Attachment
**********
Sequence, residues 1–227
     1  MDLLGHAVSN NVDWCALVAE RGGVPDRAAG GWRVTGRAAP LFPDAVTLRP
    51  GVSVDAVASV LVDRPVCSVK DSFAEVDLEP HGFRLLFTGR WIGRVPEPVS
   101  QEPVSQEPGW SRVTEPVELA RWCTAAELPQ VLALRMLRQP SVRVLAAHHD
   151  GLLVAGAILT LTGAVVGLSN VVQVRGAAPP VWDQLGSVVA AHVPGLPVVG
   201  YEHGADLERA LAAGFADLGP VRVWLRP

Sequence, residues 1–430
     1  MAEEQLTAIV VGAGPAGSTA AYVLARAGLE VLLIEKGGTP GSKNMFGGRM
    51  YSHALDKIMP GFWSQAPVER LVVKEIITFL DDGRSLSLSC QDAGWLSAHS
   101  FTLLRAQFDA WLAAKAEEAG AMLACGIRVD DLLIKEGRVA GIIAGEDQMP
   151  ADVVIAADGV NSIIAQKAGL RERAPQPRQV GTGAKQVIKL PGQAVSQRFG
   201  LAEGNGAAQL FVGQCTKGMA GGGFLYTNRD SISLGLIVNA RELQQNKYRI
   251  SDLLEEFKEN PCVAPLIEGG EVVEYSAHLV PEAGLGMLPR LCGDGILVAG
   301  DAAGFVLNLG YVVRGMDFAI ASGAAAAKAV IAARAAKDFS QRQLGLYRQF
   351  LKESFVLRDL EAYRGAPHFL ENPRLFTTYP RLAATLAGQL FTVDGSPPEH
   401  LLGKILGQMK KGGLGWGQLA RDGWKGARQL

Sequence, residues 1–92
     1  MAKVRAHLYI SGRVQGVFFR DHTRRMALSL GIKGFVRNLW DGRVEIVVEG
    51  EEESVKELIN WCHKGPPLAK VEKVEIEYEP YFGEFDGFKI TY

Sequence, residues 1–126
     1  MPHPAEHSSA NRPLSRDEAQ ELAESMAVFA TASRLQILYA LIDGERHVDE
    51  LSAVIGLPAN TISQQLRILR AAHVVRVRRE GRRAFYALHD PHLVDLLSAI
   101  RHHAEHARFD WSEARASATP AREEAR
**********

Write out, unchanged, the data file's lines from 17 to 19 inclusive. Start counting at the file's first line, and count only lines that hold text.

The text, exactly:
Sequence, residues 1–92
     1  MAKVRAHLYI SGRVQGVFFR DHTRRMALSL GIKGFVRNLW DGRVEIVVEG
    51  EEESVKELIN WCHKGPPLAK VEKVEIEYEP YFGEFDGFKI TY